Dog Abandonment When The Owner Passes

Dog Abandonment & Final Plans

The old home seemed desolate, even though it’s owner had only passed away a week ago yesterday. The feeling of sadness hung heavy from the low hanging limbs of the willow tree. The grass had lost the long battle to the plethora of dandelion weeds that sprung from the recently rain dampened lawn.

Spider webs had tripled in size along the corners of the porch and the front door stood ashy yellow due to the constant covering of pollen. The front yard led to an unkempt backyard that was in need of a trimming and a landscaper.

An old lawn mower stood where it was last cranked, rust colored oil stains running down it’s worn orange sides. An old dog house sat at the end of the back yard. It’s wooden door chewed and battered by generations of dogs that had made the entrance their chew toy.

Dog abandonmentA long logging chain ran from the center of a mound of dirt all the way into the doghouse like a twelve foot steel python. A shake of a head and a dragging of the chain is all you heard to know the other end of the chain contained a dog. The dusty, tan colored brute stepped out the beaten dwelling and shook his dust covered coat and squinted his old yellow eyes into the sun.

His skin was taunt against his skeleton, and a stench came from his body. He had lived with the old man for fifteen years and his passing had led to him being discarded as a mere yard ornament. He looked again at the home the old man occupied before urinating in the corner of his area and descending back into the worn doghouse.

Each year dogs like the one described above suffer from dog abandonment through no fault of their own. Animals that are widowed by death and forgotten because no plans were set in place in the event of his or her owner passing. We as human beings leave our homes, cars, jewelry, and money to next of kin and usually these items are scooped up in a fashion that causes family friction and in-laws fighting.

While everyone scurried and claws for Granny’s pearls, many ignore her old dog Mini Pearl in the corner. After all the goodies are divided the dogs are sometimes discarded as unwanted furniture, waiting to be dumped rather than cherished.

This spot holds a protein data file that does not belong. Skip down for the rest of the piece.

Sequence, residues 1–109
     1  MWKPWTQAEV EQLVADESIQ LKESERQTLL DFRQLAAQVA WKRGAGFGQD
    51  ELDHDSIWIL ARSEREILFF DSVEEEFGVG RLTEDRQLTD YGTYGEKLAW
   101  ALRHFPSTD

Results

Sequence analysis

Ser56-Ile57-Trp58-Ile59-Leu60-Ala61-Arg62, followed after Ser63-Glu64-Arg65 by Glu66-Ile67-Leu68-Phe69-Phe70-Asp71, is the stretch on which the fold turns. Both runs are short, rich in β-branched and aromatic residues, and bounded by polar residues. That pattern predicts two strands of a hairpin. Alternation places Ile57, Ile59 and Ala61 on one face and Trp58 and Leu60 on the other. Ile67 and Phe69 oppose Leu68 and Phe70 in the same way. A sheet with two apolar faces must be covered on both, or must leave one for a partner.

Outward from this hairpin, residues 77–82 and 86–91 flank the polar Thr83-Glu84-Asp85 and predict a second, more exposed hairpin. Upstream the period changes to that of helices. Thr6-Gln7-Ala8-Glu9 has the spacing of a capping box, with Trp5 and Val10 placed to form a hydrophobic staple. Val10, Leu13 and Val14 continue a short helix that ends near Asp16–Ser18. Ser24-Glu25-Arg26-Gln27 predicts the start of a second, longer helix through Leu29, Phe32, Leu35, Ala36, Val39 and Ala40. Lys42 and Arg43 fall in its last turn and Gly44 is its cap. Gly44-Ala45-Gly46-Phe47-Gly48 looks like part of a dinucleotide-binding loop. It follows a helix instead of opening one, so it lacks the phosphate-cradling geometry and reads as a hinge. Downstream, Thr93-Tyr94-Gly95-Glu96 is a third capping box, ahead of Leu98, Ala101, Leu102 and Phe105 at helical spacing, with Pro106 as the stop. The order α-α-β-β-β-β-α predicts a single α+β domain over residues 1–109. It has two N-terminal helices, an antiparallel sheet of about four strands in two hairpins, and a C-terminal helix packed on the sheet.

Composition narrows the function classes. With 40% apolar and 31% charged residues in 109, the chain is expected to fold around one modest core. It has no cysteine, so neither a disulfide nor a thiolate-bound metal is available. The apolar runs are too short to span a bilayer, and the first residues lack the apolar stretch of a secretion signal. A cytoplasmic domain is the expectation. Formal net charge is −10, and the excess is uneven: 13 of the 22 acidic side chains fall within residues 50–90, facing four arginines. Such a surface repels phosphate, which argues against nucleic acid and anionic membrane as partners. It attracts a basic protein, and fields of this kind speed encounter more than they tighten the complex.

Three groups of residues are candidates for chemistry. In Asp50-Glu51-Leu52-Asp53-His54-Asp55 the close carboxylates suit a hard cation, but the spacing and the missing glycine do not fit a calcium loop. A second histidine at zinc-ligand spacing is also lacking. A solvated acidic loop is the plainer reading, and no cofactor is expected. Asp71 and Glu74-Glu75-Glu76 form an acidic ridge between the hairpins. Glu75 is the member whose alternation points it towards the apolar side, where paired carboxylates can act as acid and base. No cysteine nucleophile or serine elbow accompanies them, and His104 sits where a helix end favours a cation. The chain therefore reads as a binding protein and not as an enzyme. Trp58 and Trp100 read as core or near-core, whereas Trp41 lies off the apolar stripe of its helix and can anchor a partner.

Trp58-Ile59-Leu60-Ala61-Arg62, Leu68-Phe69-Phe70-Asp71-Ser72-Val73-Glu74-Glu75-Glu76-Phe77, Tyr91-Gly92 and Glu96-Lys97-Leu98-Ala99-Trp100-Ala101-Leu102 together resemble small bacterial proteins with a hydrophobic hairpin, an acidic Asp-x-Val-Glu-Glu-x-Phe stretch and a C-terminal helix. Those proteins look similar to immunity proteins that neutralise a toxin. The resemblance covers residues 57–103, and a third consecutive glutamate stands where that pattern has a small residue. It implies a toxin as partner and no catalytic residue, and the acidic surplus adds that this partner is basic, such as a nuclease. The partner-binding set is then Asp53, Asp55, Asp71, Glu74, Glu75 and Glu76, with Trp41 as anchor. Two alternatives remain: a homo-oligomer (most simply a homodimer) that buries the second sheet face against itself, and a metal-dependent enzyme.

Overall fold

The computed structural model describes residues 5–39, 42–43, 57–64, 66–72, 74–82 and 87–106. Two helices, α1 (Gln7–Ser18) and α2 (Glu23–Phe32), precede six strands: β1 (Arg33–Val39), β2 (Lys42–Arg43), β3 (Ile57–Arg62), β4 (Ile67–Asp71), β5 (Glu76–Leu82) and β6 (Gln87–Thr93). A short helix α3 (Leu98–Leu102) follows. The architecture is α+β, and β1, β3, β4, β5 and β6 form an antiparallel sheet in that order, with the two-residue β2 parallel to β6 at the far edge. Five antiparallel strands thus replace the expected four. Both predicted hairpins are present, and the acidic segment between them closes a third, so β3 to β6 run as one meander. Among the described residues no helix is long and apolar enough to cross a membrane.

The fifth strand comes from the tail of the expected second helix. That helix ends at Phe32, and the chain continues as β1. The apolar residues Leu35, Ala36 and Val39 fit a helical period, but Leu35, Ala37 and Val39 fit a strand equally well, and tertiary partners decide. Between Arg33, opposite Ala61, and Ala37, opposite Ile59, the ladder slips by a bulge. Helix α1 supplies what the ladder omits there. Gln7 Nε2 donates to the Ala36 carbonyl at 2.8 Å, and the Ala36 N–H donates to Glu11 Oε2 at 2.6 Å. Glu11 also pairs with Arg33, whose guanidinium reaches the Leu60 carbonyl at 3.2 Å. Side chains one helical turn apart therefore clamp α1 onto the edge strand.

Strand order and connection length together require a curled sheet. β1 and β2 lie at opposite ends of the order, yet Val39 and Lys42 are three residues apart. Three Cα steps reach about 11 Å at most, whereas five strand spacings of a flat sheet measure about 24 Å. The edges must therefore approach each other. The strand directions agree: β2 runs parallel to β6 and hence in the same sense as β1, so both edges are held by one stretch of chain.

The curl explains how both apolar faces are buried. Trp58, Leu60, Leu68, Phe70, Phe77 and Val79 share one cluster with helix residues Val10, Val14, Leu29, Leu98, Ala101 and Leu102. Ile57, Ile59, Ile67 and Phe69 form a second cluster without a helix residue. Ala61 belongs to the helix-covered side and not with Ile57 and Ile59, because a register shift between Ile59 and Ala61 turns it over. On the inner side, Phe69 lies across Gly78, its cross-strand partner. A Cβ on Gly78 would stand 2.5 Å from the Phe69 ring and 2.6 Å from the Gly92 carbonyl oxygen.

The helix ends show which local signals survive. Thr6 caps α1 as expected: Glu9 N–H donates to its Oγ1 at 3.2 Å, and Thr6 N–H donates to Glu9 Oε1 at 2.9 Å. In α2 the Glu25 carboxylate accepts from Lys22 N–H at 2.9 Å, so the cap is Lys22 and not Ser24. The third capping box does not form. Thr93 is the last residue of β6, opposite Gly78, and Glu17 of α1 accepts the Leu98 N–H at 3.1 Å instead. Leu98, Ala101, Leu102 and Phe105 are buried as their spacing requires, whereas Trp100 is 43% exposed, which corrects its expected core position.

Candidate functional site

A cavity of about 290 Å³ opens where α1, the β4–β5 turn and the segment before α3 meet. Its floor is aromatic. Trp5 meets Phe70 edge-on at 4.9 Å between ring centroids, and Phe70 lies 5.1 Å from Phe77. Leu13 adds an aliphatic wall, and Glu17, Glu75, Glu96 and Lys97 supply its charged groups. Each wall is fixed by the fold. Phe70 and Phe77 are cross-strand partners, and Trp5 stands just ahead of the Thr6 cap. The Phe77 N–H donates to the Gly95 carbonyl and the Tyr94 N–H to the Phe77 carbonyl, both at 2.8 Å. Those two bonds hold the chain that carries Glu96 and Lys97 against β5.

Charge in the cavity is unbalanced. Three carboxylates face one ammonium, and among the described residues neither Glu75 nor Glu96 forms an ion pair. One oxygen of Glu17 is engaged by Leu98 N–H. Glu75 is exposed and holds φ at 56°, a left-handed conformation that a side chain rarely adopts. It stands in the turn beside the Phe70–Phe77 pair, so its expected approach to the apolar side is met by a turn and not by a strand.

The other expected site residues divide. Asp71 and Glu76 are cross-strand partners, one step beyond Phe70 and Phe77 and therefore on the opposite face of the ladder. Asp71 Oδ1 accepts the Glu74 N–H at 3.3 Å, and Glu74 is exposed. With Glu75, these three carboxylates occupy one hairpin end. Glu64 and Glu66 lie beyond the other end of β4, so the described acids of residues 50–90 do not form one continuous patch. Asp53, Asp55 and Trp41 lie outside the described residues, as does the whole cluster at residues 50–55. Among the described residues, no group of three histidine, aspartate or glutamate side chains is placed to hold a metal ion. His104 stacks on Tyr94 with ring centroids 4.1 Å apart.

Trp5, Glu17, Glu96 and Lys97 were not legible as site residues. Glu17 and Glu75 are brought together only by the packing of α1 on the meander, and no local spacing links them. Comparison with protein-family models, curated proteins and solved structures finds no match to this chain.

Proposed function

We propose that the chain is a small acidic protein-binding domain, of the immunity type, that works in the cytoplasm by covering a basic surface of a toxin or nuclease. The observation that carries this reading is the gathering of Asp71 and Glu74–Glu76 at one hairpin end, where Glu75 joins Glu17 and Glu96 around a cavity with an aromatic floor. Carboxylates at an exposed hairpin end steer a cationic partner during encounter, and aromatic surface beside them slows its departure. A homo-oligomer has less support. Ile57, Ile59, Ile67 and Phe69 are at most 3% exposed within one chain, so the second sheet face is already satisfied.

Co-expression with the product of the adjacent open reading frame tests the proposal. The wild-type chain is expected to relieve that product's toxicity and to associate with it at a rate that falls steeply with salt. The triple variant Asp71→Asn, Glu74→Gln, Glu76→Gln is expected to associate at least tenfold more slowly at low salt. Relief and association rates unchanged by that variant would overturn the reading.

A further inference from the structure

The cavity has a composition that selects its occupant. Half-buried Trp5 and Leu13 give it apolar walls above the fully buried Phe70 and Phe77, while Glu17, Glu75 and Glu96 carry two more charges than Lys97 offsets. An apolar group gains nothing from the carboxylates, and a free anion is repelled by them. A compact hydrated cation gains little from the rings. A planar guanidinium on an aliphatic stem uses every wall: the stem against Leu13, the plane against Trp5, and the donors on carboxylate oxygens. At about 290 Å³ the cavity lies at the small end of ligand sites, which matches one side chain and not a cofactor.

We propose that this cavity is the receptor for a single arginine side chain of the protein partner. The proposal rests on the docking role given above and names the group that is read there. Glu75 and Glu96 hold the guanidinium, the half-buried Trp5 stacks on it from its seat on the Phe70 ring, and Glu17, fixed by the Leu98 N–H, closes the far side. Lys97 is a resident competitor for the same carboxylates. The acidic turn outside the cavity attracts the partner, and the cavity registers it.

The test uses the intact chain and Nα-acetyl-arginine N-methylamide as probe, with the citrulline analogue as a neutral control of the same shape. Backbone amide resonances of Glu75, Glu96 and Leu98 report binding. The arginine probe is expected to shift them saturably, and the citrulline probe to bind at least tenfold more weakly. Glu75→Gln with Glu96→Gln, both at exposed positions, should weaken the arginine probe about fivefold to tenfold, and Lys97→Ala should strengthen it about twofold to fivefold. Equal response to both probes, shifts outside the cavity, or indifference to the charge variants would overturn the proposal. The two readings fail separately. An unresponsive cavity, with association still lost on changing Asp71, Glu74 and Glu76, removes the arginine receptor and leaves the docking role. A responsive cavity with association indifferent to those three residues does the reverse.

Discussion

So what can an individual do to ensure that their pet is not discarded at the local animal control or from dog abandonment? The first thing you can do is discuss with your family and friends the placing of your pets in the event of your death. It’s a touchy subject, but one that can easily find a solution. Just the fact that you are speaking to them about the potential situation and your pet, will make them realize just how valuable your dog is to you.

That value could save your pets life, when you lose yours. Leave instructions on care and gift cards to pet stores to get them through the first few months that owning a pet may surprise them.  And they won’t know what food to feed, the pets schedule, medication, or vet office unless you tell them. So take the time and share the information to avoid dog abandonment issues!

What if you don’t have a family member that will take your pet? You can call a local animal rescue, and leave money for a foster program. This money can go towards your pet until it is able to find a new forever home. One thousand dollars may keep your pet alive for a year or more and improve it’s opportunity to be adopted. Check with your local shelters and find rescues that offer programs for displaced pets. Being prepared for the unexpected is what will save the stress that displaced pets cause your family and friends to help avoid dog abandonment.

Death is always hard, but life gives us the ability to make it manageable in regards to our four legged family members. Plan now and make sure all your loved ones are as ready as possible for the unimaginable.

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